Bil’s rating (out of 5): BBB.5. United Kingdom/Czech Republic/France/Italy, 2005. R.P. Productions, Runteam II Ltd., ETIC Films. Screenplay by Ronald Harwood, based on the novel by Charles Dickens. Cinematography by Pawel Edelman. Produced by Robert Benmussa, Roman Polanski, Alain Sarde. Music by Rachel Portman. Production Design by Allan Starski. Costume Design by Anna B. Sheppard. Film Editing by Herve de Luze. Toronto International Film Festival 2005.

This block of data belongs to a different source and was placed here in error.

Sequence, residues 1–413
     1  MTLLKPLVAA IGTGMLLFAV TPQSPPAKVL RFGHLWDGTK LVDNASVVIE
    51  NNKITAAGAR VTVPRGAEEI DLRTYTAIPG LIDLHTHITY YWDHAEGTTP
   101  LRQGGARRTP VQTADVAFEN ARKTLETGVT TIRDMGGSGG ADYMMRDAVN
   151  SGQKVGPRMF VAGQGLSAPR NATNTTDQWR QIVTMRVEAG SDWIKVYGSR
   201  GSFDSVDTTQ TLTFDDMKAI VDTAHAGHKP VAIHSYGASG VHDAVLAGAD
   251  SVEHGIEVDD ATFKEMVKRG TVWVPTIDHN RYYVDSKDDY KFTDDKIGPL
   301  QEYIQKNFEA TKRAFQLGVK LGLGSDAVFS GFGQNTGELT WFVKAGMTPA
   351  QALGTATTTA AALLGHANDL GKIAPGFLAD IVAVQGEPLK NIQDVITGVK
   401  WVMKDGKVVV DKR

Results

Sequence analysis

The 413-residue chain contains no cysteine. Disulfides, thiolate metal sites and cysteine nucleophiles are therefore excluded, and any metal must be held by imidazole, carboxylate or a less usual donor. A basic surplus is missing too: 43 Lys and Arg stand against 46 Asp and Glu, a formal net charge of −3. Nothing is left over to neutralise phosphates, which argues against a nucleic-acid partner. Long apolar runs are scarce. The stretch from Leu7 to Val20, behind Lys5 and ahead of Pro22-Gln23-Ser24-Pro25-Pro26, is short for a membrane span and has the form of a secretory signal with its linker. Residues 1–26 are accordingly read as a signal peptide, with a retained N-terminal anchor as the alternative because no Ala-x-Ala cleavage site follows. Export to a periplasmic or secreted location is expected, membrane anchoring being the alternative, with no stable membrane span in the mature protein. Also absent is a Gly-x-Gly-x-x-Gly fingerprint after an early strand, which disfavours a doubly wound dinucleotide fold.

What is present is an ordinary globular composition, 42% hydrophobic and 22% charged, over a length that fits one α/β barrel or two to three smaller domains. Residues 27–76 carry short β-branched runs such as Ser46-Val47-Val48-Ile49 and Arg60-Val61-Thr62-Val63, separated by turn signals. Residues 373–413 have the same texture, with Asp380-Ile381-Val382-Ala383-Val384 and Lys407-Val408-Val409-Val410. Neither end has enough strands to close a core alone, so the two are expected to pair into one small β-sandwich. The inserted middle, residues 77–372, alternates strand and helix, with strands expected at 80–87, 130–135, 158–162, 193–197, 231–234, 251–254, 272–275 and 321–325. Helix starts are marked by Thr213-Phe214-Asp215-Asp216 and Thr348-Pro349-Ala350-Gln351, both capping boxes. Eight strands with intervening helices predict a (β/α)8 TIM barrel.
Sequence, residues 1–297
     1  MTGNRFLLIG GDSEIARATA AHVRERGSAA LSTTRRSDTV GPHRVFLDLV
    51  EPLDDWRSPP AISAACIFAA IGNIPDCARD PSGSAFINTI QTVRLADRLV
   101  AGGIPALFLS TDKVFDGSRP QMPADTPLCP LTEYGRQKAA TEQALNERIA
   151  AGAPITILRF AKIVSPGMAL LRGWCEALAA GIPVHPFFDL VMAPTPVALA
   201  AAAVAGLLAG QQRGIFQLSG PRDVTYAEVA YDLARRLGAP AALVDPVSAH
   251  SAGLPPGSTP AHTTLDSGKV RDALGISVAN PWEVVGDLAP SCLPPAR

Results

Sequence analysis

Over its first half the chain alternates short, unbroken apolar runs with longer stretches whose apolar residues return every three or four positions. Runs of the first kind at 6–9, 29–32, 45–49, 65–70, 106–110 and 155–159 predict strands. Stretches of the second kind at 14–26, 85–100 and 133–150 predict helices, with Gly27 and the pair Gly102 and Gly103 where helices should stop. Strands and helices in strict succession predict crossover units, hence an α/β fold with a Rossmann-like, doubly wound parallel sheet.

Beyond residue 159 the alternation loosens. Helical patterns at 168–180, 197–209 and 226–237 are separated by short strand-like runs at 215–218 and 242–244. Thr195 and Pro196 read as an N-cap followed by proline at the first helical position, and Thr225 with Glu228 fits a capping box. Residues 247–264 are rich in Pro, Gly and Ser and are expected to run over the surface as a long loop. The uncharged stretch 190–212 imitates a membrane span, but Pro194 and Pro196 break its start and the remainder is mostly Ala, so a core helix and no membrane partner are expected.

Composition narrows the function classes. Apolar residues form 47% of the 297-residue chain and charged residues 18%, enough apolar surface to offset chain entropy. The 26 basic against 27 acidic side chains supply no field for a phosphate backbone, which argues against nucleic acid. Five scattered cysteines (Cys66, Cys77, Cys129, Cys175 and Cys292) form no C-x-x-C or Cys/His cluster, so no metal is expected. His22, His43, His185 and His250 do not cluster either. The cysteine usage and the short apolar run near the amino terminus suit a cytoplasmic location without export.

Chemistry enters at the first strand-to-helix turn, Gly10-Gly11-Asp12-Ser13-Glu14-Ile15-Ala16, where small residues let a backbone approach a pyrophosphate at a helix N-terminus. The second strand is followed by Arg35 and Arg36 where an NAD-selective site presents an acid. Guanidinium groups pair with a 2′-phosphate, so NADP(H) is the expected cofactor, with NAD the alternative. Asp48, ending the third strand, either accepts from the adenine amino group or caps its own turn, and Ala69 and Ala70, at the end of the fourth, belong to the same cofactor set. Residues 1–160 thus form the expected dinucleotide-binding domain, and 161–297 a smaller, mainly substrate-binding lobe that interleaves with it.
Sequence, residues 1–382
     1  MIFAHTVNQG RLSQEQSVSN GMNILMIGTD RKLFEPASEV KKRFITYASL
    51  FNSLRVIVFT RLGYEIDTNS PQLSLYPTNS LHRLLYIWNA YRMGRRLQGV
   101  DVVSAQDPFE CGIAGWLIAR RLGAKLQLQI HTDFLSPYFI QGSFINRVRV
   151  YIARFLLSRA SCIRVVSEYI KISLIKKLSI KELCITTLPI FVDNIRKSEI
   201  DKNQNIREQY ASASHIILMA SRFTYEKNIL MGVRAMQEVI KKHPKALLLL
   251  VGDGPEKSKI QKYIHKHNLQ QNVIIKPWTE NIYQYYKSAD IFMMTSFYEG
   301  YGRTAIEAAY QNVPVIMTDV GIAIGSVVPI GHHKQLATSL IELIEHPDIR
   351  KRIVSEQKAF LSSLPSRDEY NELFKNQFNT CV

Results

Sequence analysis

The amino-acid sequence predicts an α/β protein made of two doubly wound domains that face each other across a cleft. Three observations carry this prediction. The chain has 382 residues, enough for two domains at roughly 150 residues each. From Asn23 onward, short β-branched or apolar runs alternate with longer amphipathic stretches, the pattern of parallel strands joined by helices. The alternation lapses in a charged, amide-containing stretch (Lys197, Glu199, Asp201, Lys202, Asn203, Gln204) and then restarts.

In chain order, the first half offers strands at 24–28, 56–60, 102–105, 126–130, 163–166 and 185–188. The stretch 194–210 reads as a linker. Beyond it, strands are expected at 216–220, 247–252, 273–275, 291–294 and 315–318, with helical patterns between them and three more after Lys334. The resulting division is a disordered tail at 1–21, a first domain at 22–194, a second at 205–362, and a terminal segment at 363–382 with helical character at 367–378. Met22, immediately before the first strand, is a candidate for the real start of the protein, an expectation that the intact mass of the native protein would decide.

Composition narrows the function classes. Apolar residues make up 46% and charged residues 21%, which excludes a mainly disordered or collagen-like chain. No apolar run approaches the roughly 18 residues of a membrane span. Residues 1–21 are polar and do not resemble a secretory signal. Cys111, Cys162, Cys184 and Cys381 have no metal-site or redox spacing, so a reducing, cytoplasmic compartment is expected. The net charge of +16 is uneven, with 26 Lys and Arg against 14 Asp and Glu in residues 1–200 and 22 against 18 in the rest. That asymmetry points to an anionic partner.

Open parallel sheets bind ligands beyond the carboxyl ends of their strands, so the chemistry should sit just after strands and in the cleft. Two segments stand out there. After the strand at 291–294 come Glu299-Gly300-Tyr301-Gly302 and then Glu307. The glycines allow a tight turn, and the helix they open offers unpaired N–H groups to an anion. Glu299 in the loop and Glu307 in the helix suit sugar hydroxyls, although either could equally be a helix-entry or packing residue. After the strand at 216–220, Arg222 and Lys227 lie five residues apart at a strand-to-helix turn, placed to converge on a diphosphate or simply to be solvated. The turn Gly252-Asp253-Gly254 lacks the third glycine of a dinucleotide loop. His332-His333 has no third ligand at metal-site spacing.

Roman Polanski follows his Oscar winning The Pianist with the fulfillment of a longtime dream of his, to adapt Dickens’ oft-filmed novel, reuniting with screenwriter Ronald Harwood and cinematographer Pawel Edelman. Barney Clark is terrific in the titular lead as a woefully treated boy who is raised in an orphanage and workhouse before taking to the streets of London on his own, falling into the hands of the charming Artful Dodger and the master of street thieves Fagin (with all references to his Jewishness removed, played by Ben Kingsley). A scuffle involving a stolen handkerchief puts Oliver in the way of a kindly older gentleman (Edward Hardwicke) who decides to adopt the boy as his own, but the ugliness of street life, ever impossible to shake off once it has latched itself onto a body, is never far behind. Harwood’s screenplay ably pares down the mammoth text to a manageable length and includes all the pertinent characters and situations (“MORE?”) that readers expect, while the pre-Victorian period is amply recreated and the performances are all on point…which mainly begs the question of why is everything just adequate? Viewers familiar with Polanski, the man who can make the most innocuous spaces feel oddly off-kilter, will be surprised that he made the umpteenth film version of this book without injecting a little of his own style in it somewhere. None of the characterizations veer from any BBC production you’ve had the pleasure to sit through; indeed, most of the sets actually look like a television production and don’t push the limit in how Dickens’ world is often presented (it’s not like the period-movie-upending muddy hems of Pride and Prejudice, this one’s locations actually look like they’re in a movie). To say that a film is just good should not equate it with disappointment, and Polanski doesn’t have a perfect record anyway, but the lack of special qualities really does leave a person with far more questions than anything else after watching this.